Australian doctors have achieved the world's first pregnancy from ovarian tissue grown outside the pelvis.

Melbourne mother-to-be, Vali, 23, is now 25 weeks pregnant with twins, after having both of her ovaries removed when she was being treated for cancer.

Researchers at Melbourne IVF stored her ovarian tissue before she had cancer treatment, then seven years later grafted the tissue back to her abdominal wall.

Her own eggs successfully grew and were harvested from the tissue for IVF, then fertilised and placed back into her uterus.

It is the first time the procedure has been done anywhere in the world.

Researchers said gives hope to other cancer patients to conceive.

"We have proven that ovarian tissue can still work and function normally outside the pelvis which is its natural environment," said Associate Professor Kate Stern.

Vali said she is excited to be given the opportunity to have children. The twins are due in three months.

"I was really lucky with my doctor because he was really supportive and explained things and offered me opportunity to freeze tissue... (in the) hope that someday maybe in the future that something would be possible," she said.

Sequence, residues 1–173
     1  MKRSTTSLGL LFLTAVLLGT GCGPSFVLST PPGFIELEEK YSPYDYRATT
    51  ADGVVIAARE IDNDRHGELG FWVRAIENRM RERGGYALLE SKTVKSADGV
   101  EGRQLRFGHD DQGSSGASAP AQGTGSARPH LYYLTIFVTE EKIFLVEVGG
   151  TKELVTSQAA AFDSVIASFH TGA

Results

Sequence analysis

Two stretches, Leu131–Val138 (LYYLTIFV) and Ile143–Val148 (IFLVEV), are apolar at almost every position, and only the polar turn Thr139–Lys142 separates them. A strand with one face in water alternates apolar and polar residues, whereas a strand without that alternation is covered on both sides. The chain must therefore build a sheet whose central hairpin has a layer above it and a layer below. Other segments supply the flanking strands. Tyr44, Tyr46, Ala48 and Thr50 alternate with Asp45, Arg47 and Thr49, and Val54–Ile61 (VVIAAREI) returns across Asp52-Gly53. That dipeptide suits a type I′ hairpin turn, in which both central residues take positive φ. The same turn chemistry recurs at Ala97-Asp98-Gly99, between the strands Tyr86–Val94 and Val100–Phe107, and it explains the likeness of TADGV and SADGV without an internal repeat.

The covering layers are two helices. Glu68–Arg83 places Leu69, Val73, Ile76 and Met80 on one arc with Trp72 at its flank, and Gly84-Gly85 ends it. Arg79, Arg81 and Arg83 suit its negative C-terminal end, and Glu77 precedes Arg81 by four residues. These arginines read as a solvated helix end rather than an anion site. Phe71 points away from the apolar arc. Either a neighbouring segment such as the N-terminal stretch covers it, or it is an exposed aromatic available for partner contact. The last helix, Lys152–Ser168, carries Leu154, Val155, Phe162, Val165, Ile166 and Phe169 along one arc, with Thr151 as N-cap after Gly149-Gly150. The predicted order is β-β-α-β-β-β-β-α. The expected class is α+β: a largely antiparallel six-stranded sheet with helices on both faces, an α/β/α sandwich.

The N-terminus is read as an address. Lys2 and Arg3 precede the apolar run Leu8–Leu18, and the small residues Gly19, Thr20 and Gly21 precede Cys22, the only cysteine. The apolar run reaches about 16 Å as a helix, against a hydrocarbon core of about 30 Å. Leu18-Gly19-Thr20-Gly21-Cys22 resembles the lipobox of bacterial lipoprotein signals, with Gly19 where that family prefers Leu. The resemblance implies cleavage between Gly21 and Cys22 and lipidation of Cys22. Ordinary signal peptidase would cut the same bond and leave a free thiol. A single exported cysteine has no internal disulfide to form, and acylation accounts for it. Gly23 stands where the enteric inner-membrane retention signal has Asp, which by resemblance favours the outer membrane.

Her partner Dean said he is amazed at the science behind the procedure.

"It sounds like science fiction to think someone could take something that was taken from Vali so many years ago and we could use it to get to this point now," he said.

"It's phenomenal. We never dreamt it would be possible."

The results were presented at the Fertility Society of Australia conference in Sydney.

 

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